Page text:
In the present paper we adopt the finite–steps perspective for exploring the potential of boosting in the regression setting. Specifically, we propose a new higher order biased nonparametric regression smoother that results from learning the Nadaraya–Watson (N-W) estimator by L2Boosting. Note that in polynomial regression bias becomes more serious the higher the curvature of the regression function. In this latter case the use of a higher polynomial fit – that is asymptotically less biased – is not always feasible since it is not sure that the regression function is sufficiently smooth, and larger samples are required. On this point it will emerge that one of the main features of the proposed method is that small bias properties are reached by requiring only first order differentiability. Relationships with previous work are outlined and utilized to explore the potential generalizations of our smoother. We also show that our estimator can be used in pdf and cdf estimation problems by fitting counting measures. Actually, fitting counting data has been used to transfer some useful properties of regression smoothers to density estimation. For example, Jones (1993) and Cheng et al. (1997) use local linear smoothers to fit respectively empirical density functions and bin counts to get less biased estimates at density boundaries. Similarly we try to utilize the higher order bias properties of our smoother in pdf and cdf estimation.

In Section 2 we briefly recall the N-W smoother which is used as the w.l. in our L2boostNW algorithm. In Section 3 we show the bias reduction properties of our b.a. and make clear links to previous work. Section 4 contains some possible generalizations of the method. In Section 5 it is shown how L2boostNW can be employed for pdf and cdf estimation and the results of some simulation experiments using regression curves, cdfs, and pdfs are summarized in Section 6. Overall, consistent gains almost always emerge with respect to both the N-W estimator and other boosting methods present in the literature. In agreement with our asymptotic theory, we have observed improving performance when sample sizes increase, and a certain robustness – not usual for kernel methods – to a wrong bandwidth selection was verified for our estimators. Finally, a few concluding remarks are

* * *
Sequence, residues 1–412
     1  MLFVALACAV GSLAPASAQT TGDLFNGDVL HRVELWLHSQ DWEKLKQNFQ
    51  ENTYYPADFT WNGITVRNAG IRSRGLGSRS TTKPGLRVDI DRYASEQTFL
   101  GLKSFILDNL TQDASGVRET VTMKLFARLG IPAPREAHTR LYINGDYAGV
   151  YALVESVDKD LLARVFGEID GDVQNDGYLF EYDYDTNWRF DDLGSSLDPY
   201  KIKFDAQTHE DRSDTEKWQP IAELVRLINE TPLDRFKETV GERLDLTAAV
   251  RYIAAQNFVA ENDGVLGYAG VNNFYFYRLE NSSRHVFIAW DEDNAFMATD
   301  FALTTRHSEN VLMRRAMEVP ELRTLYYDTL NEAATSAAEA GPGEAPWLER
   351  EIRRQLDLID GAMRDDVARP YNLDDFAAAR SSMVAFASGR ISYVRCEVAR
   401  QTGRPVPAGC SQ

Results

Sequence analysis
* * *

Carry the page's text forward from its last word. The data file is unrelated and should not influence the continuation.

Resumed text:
• Kernel smoothing by boosting 3

contained in Section 7.

1.2. L2Boosting In what follows a description of L2Boosting suitable for our aims is given, more extensive treatments can be found in the references.

Given three real random variables, X , Y and ε assume the following regression model for their relationship

Y = m (X) + σ(X)ε, with Eε = 0, varε = 1, (1)

where X and ε are independent. Assuming that n i.i.d. observations S = {(Xi, Yi), i = 1, ..., n} drawn from (X, Y ) are available, the aim is to estimate the mean response curve m(x) = E(Y | X = x). This is the random design model, in the fixed design model as design observations we have a set of fixed, ordered points so the sample elements are s = (xi, Yi; i = 1, ..., n) that are often assumed equispaced.

L2Boosting stagewisely optimizes the squared loss function (m− m̂)2/2. Specifically, it is a procedure of iterative residual fitting where the final output is simply the sum of the fits. Formally, consider a w.l. m̂ (·; S, γ), that in the L2Boosting terminology is simply a crude smoother. An initial least squares fit is m̂0(·) = m̂ (·; S, γ0). For b = 1, 2, . . . , B, m̂b(·) is the sum of m̂b−1(·) and a least squares fit of the residuals Se = {Xi, ei = Yi−m̂b−1 (Xi)}, i.e. m̂ (·; Se, γb). The L2Boosting estimator is m̂B(·).

As mentioned, boosting is typically not Bayes consistent, i.e. if L∗ is the minimal loss obtained over all boosting iterations, then limB→∞ L(m, m̂B) > L

∗. Actually, the more B increases, the more m̂B becomes complex and tends to closely reproduce the sample (overfitting). Therefore, a stopping rule indicating when L∗ is achieved, i.e. the optimal number of iterations B∗, is needed.

2. L2Boosting and local polynomial fitting

2.1. Local Polynomial fitting from a L2Boosting perspective For an estimate of m(x) by L2Boosting we could use the polynomial

∑p j=0 βj (· − x)

j as the

w.l.. Recalling that L2Boosting optimizes squared losses, this would amount to optimizing this problem by fitting

∑p j=0 βj (· − x)

j to S

min β0,...,βp

n∑

i=1

  Yi −

p∑

j=0

βj (Xi − x)j   

2

K

( Xi − x

h

) (2)

The weight function K is a non-negative,